October 25, 2011 | By Chris Talbott, Associated Press
Tao Rodriguez-Seeger was halfway through Friday night's march down Broadway to support the Occupy Wall Street movement, a guitar strapped over his shoulder and his grandfather Pete Seeger at his side. Suddenly a New York City police officer stepped from the crowd and grabbed his elbow. "Are you Tao Seeger?" the officer asked tersely. "Was this your idea? Did you think of this?" Rodriguez-Seeger was certain arrest was imminent. The officer reached for his hand and he readied for the cuffs.
ENTERTAINMENT
October 24, 2011 | By Howard Gensler
OPRAH WINFREY meditated with more than 400 women in Fairfield, Iowa, last week. "You've got a corn!" "You've got a corn!" "You've got a corn!" Transcendental Meditator Suzanne Stryker blabbed that no one in the meditation group at the Maharishi School, in Fairfield, knew that Oprah was going to be there until she arrived with a film crew. It's all part of the plan to change OWN to "OM. " The private Maharishi School specializes in "consciousness-based education" for kindergarten through 12th grade.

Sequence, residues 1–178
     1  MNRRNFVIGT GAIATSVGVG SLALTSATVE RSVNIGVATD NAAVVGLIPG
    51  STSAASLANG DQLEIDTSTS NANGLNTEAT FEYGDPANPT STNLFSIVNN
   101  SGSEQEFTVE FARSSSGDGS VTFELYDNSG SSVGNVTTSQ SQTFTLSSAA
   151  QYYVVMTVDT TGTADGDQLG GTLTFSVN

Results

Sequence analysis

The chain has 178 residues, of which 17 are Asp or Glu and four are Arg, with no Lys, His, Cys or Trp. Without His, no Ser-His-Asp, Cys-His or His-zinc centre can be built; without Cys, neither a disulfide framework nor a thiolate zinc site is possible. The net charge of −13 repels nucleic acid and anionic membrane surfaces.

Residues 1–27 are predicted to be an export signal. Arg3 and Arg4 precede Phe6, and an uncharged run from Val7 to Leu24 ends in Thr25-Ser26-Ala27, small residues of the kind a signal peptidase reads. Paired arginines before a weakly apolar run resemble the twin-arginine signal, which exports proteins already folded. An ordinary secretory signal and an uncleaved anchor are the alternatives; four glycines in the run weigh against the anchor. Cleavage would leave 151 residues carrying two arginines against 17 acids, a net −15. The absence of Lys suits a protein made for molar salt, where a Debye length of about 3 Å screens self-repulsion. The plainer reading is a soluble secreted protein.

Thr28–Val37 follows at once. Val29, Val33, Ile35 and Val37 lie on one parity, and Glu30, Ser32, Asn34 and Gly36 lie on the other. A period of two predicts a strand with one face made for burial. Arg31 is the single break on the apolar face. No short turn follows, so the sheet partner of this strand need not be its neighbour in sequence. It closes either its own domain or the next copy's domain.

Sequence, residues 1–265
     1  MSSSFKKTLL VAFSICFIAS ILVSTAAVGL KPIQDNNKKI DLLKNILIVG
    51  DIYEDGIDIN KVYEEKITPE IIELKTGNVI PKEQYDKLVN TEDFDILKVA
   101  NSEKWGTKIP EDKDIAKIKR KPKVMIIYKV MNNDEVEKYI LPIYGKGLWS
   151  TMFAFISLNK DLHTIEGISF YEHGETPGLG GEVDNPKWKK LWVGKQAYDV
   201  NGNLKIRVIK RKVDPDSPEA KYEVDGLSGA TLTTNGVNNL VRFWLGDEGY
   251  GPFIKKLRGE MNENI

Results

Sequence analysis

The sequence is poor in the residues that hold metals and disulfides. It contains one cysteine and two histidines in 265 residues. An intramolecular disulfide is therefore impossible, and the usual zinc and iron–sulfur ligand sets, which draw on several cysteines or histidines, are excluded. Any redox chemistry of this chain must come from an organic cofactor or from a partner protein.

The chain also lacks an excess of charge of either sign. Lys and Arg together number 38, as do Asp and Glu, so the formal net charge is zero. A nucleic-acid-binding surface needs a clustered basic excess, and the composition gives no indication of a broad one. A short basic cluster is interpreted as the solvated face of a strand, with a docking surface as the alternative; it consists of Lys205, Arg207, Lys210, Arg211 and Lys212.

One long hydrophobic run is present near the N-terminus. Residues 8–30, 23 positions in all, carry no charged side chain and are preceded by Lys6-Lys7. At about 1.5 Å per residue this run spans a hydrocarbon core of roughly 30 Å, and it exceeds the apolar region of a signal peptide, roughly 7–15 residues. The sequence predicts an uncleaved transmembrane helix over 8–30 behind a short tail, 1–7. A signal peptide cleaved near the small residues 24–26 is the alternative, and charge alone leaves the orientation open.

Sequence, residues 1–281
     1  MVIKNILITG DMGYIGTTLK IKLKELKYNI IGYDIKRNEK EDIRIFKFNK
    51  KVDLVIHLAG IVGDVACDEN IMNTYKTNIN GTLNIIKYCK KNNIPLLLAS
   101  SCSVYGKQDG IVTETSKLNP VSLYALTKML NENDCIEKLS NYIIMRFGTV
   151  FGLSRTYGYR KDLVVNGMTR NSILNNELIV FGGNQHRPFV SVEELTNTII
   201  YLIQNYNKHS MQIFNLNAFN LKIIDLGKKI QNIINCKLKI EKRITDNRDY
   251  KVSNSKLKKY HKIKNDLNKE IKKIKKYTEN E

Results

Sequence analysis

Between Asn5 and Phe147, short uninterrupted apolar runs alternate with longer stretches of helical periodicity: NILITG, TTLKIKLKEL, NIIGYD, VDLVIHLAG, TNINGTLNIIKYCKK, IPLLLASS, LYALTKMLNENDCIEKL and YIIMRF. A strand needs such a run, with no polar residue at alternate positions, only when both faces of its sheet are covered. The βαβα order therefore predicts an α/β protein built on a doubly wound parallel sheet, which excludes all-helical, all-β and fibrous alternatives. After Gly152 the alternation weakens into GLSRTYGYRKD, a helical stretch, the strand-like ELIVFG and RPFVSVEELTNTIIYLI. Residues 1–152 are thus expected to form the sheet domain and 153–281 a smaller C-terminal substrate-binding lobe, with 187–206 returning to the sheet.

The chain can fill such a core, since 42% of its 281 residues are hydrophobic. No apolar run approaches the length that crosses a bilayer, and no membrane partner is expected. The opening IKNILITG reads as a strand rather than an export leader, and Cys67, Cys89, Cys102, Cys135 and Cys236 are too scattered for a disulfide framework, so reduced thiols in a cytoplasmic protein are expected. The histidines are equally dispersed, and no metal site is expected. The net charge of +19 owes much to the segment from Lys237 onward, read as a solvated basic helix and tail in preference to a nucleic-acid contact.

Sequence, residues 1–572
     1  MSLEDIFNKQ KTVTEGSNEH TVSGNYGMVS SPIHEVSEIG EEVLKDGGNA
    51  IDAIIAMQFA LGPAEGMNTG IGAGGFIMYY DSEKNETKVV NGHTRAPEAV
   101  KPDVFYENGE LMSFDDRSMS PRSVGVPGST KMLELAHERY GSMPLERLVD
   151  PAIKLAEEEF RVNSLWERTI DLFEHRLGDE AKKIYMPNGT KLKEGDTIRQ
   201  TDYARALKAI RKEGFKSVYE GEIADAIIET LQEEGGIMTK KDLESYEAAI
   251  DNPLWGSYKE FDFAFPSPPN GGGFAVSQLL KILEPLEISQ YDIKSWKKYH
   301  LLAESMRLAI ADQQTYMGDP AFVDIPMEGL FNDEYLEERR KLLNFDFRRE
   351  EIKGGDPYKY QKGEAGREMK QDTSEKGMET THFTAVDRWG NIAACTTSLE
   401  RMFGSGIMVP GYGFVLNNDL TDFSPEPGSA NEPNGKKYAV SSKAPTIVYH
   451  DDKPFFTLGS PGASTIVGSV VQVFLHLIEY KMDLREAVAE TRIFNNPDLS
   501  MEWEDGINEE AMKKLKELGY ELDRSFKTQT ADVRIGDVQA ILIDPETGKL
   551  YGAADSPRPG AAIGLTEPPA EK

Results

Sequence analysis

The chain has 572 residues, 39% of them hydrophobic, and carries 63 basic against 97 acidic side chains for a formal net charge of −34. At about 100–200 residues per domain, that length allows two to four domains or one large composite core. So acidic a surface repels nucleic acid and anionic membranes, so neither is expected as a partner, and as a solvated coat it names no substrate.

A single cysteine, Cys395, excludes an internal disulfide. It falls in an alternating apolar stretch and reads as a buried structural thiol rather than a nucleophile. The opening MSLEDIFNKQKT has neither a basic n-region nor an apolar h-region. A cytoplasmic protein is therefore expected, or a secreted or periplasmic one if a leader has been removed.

ENTERTAINMENT
August 19, 2011
JUST ONE nighttime concert, plus two days of song swaps and a banjo contest constituted the first Philadelphia Folk Festival, held Sept. 8-9, 1962, on the C. Colket Wilson estate in Paoli. On the bill: Tossi Aaron, the Greenbrier Boys, Reverend Gary Davis, Paul Cadwell, Bonnie Dobson, Ramblin' Jack Elliot, Mike Seeger & Sonny Miller, Professor Clearence Johnson & Mabel Washington, and headliner Pete Seeger. Noted folklorist Ken Goldstein also led a workshop. Old-timey country musician Obray Ramsey canceled 'cause his crop was coming in. Bill Keith, returning to the festival this weekend, won the banjo contest.